As a rule, terrorists choose crowded spots full of people that are, at the same time, peaceful and plain. They usually target schools, public services, such as the underground railway, or the Olympic Game premises as a symbol of security. In 1972, Palestinian terrorists succeeded in their attack during the Munich Olympic Games and killed eleven Israeli hostages (Haberfeld & Hassel 206). Considering previous experience, the Olympic security was improved and intensified. However, it also failed during the 1996 Olympic Games in Atlanta, when a bomb exploded in the Centennial Olympic Park. Even though the authorities were already warned about it, the security was not organized effectively enough to prevent casualties and, as a result, one person was killed (Haberfeld & Hassel 210). Such a failure of security occurred in the process of intensive preparations for more stringent security measures. Finances were allocated for security, security personnel were instructed, and new security equipment was installed, but it did not prevent an offender from entering the park and leaving his bomb (Haberfeld & Hassel 210). Often, serious delinquents have some social or political agenda on their minds as well as history of dysfunctional families and deprived childhood. Therefore, potentially dangerous people could be found on the early stages and monitored throughout their lives. The acts of domestic terrorism, which are rampant in the country today, have led to numerous deaths, thus increasing the need for Americans to accept the truth and protest publicly against domestic acts of terrorism targeting specific individuals just as the government is committed to combating international terrorism.
Although the American government intensifies security measures and there are ongoing debates on the surveillance, terrorists continue to strike. This summer, America saw a series of assaults and fires occurring in black churches. It began with a racially charge shooting at Emanuel African Methodist Episcopal Church in Charleston. On June 17, Dylann Roof, a 21-year-old white visitor, took part in a prayer meeting, at the end of which he shot nine people who were present there (McLaughlin). Four days later, the other six black churches faced the wrath of domestic terror attacks. In five Southern states, five churches have caught fire (McLaughlin).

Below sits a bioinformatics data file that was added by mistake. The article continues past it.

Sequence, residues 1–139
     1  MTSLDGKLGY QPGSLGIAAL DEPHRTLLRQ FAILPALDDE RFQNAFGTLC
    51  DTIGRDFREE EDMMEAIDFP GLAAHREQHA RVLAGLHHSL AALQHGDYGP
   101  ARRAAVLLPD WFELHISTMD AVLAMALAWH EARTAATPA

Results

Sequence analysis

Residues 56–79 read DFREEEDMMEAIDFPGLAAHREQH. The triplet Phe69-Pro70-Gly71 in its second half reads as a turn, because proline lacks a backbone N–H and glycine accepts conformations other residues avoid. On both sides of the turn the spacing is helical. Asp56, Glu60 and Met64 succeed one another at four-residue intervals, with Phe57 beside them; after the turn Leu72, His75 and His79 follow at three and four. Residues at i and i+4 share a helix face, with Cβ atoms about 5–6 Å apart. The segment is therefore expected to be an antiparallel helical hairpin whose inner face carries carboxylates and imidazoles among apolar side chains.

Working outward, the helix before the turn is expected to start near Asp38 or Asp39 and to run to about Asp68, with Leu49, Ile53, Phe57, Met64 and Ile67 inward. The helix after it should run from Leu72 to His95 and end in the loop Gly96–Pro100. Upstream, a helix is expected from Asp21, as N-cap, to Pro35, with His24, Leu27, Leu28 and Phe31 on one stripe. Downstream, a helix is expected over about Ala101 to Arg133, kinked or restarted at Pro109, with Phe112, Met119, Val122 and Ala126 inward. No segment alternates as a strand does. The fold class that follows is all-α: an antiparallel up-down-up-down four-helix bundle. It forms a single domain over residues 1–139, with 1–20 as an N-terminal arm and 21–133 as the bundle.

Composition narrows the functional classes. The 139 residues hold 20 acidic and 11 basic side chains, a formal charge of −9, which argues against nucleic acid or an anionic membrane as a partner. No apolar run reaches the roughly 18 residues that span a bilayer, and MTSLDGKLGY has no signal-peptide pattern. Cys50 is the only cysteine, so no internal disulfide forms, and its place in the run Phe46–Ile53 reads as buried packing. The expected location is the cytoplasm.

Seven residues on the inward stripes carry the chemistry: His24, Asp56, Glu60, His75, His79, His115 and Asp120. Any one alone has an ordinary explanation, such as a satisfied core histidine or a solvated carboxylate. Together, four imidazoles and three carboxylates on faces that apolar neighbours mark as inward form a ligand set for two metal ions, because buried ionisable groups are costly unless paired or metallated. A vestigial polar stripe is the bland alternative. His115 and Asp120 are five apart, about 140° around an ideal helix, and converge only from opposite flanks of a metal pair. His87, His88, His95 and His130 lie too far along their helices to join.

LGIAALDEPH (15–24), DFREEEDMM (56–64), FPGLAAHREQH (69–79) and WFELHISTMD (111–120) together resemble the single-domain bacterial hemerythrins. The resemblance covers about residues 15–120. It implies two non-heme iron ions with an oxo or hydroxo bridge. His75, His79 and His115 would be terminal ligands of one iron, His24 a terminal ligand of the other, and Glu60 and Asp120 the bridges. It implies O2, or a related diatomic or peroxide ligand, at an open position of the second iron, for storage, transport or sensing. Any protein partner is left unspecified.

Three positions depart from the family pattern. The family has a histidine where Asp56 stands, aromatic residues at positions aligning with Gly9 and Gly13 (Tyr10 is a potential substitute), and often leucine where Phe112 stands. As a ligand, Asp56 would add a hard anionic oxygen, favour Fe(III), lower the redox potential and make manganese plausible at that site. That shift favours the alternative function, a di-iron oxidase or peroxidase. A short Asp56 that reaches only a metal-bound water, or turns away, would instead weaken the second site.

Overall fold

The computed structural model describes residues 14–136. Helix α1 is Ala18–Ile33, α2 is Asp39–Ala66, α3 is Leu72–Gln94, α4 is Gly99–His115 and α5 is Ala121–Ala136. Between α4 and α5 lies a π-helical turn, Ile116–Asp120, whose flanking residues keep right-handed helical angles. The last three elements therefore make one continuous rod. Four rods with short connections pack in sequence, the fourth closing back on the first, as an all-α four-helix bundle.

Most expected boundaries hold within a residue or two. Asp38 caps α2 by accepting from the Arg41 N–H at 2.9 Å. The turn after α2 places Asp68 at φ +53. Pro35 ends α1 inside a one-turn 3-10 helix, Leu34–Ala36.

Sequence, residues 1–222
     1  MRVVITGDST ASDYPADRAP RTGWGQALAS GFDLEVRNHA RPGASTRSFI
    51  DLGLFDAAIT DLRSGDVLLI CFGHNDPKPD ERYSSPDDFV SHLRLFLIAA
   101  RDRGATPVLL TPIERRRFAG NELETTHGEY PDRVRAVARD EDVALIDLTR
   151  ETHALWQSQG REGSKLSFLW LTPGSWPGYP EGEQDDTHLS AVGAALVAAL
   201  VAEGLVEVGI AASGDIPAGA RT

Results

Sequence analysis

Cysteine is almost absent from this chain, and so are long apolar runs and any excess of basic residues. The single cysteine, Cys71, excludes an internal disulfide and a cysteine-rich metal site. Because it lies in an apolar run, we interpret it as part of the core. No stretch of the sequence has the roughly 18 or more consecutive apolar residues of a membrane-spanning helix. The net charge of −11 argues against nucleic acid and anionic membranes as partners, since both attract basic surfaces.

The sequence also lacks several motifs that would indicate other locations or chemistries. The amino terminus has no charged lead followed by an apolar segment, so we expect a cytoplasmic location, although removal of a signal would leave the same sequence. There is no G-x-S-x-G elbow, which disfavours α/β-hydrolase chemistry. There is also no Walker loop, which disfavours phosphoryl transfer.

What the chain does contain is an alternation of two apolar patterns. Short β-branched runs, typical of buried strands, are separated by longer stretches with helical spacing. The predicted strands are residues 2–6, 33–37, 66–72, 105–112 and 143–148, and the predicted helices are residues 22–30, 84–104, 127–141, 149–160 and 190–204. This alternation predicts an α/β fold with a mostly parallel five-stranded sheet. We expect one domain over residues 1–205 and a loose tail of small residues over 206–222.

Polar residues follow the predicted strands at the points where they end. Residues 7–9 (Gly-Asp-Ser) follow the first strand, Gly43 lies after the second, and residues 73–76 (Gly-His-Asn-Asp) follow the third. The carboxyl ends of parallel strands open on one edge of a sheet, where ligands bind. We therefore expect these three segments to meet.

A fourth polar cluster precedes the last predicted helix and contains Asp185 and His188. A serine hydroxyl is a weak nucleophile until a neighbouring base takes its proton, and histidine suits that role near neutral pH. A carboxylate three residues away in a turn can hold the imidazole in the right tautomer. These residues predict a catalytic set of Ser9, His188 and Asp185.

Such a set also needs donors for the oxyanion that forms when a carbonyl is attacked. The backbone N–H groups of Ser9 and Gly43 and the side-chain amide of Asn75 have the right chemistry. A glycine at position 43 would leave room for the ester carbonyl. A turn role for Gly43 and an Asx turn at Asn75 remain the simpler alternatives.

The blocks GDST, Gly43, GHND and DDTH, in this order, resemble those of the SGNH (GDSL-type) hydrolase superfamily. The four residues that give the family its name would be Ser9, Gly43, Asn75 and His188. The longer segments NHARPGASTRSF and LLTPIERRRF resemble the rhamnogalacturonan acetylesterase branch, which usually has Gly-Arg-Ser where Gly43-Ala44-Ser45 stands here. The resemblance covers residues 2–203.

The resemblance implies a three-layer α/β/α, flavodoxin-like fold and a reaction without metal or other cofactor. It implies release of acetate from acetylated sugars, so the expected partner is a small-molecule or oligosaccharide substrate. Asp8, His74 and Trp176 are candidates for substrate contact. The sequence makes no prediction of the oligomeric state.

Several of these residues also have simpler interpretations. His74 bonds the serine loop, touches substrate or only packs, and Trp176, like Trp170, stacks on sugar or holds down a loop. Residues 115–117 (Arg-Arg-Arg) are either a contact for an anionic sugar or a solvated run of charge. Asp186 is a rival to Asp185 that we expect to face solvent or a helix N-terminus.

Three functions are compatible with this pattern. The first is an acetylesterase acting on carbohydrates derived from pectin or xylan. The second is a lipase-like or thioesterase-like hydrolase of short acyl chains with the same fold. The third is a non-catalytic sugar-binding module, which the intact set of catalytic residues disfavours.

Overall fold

Given the demographics of the churches, the assumptions are that these are acts of terrorism based on racial composition of the churches and the cities they are located. However, only Roof was openly racist and had a clear purpose of performing his act of violence. The other cases are being investigated. Meanwhile, the purpose of a racial attack is different from domestic terror. Domestic terrorism is defined as the violation of federal or state law and the process of “intimidating or coercing a civilian population.” Besides, a domestic terrorist wants “to influence the policy of a government by intimidation or coercion” and/ or “to affect the conduct of a government by mass destruction, assassination, or kidnapping” (The FBI Federal Bureau of Investigation). To this effect, a more detailed investigation into the life of a criminal should be made, considering his background, family history, psychological and health state, etc.
The perpetrator of the Centennial Olympic Park bombing in 1962, Eric Rudolph, had a specific agenda on his mind. Being an ex-militant, Rudolph was anti-corporatist and anti-globalist as well as a religious extremist. By this terroristic attack, Rudolph wanted to scare international corporations from cooperation and show the US as unsuitable to such purposes (Haberfeld & Hassel 210). Besides, Rudolph was suspected in anti-gay and anti-abortion activities. Using fear as driving power, anti-abortionists might not necessarily be involved into actual violent action but simply hanging out posters with “the doctor’s picture in a bullseye” might be enough for medical workers to fear for their life (Cohen). In the 70s-80s, anti-abortionists failed to achieve prohibition for abortion, so they resumed their bullying activity.
The answer to how Rudolph developed his worldview lies partially in his family background. His father died early, and, together with his stepfather and mother, Rudolph visited white supremacist organization Christian Identity (Borgeson & Valeri 76). The organization’s credo was that only white Christians would be saved. Believing that “there is a current battle between good and evil taking place on this earth,” church members view abortions and gay rights as signs of the ‘corrupt world.’ Meanwhile, people of the other races and ethnicities are considered unworthy of salvation (Borgeson & Valeri 76).